Following the Supreme Court’s decision Monday morning to reject a bid from the Justice Department to terminate the Deferred Action for Childhood Arrivals (DACA) program, leaving the fate of the program in the hands of the 9th Circuit Court of Appeals, the White House hit back at the judicial branch.
White House spokesman Raj Shah called the lower court injunction of Trump’s DACA termination—a court decision based on evidence that Trump was more motivated by animus toward immigrants than constitutional law—a “usurpation of legislative authority.”
“The fact that this occurs at a time when elected representatives in Congress are actively debating this policy only underscores that the district judge has unwisely intervened in the legislative process,” Shah said. “We look forward to having this case expeditiously heard by the appeals court and, if necessary, the Supreme Court, where we fully expect to prevail.”
The White House did not mention that the President has repeatedly worked to undermine efforts on Capitol Hill to pass a bill to protect DACA recipients as the Justice Department was litigating to have the injunction on President Trump’s termination of the program overturned.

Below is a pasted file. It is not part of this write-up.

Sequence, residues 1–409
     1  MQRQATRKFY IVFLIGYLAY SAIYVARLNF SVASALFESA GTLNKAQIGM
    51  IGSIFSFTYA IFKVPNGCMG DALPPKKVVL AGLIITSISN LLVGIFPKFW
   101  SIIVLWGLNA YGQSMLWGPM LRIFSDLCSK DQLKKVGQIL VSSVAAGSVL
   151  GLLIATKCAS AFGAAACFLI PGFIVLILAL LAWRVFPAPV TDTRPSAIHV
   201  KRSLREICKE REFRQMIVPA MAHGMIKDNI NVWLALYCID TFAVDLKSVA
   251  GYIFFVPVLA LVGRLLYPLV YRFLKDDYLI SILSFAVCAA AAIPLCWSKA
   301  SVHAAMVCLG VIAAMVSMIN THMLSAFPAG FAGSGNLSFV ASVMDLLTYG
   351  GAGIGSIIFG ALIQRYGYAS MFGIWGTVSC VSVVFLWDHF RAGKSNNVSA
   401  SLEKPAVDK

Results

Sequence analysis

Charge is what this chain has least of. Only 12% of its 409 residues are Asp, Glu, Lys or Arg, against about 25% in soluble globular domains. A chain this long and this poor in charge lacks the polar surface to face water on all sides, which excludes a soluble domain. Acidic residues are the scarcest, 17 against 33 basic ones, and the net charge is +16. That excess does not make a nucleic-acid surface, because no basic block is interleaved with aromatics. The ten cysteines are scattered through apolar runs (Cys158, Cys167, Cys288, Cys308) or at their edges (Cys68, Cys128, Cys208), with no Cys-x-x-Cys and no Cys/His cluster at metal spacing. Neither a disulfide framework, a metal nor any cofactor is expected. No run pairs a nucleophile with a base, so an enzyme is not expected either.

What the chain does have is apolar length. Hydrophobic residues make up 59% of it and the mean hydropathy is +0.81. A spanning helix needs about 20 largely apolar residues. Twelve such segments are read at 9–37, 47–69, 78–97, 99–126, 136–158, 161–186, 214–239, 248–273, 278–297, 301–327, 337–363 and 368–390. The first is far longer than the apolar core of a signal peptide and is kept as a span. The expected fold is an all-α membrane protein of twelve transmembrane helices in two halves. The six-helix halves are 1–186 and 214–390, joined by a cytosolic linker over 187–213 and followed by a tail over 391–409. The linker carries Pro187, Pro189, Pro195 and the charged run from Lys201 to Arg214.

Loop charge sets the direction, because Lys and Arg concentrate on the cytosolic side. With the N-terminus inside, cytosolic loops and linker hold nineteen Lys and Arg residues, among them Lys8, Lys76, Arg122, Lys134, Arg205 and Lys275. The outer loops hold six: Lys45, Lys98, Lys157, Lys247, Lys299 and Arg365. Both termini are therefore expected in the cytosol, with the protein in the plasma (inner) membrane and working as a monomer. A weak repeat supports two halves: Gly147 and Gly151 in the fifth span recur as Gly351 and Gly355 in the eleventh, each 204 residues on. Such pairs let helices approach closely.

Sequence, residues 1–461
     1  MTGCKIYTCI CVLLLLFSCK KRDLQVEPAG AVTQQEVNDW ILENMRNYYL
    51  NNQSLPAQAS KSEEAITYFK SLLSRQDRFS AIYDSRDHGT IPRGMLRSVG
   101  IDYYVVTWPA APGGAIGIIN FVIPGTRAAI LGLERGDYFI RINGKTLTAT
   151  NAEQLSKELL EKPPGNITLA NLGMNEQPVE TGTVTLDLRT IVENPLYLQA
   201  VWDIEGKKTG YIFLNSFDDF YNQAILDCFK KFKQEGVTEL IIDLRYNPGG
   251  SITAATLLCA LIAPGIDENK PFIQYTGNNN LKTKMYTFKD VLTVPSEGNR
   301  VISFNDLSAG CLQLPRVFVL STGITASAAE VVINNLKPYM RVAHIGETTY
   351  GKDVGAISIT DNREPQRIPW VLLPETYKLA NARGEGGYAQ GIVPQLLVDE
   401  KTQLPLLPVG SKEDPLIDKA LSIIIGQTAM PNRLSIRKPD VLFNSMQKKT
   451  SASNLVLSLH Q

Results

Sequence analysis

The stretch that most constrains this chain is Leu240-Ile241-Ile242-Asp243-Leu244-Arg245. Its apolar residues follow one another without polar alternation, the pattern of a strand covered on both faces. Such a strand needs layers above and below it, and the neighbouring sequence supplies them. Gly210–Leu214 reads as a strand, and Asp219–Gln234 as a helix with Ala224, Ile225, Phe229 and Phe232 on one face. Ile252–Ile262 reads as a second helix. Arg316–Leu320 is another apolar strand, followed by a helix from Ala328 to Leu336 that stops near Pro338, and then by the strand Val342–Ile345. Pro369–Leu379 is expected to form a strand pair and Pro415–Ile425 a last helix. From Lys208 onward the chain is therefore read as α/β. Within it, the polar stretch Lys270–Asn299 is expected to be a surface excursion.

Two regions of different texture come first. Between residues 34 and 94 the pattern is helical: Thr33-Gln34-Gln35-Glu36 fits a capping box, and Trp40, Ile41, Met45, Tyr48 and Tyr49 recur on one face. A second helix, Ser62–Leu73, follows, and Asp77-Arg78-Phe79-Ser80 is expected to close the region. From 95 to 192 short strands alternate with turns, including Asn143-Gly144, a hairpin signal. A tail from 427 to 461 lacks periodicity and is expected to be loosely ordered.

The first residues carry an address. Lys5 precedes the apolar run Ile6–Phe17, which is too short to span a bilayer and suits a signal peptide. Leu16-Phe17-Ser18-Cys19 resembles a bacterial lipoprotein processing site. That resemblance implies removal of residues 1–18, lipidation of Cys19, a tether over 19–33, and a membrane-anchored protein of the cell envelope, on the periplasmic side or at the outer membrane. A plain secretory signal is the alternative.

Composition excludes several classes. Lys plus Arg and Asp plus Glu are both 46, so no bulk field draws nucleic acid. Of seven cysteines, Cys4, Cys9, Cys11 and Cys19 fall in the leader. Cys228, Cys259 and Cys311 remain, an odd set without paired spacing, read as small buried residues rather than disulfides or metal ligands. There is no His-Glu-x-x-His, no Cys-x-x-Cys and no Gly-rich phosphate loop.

Speaking to Republican governors later on Monday, President Trump went on an extended tangent denouncing the 9th Circuit Court of Appeals, which is currently considering DACA’s fate.
“Nothing’s as bad as the 9th Circuit,” he said. “Speaking of that, DACA is going to be put back into the 9th Circuit. We tried to get it moved quickly because we’d like to help DACA. I think everybody in this room wants to help with DACA, but the Supreme Court just ruled it has to go through the normal channels. So it’s going back in.”
Trump then seemed to allude to previous 9th Circuit ruling against his administration, including multiple actions to block Trump from implementing a travel ban on people from majority-Muslim countries.
“It’s really sad when every single case filed against us is in the 9th Circuit, we lose, we lose, we lose, then we do fine in the Supreme Court,” he said Monday. “But what does that tell you about our court system? It’s a very, very sad thing.”
The remarks, which come as the Trump administration is working with Senate Republicans to rapidly pack the federal courts with staunch conservatives, are in keeping with the President’s past attacks on the judicial branch of government. Trump has a pattern of targeting individual federal judges for public condemnation, and has complained that any ruling against his administration is “unfair.”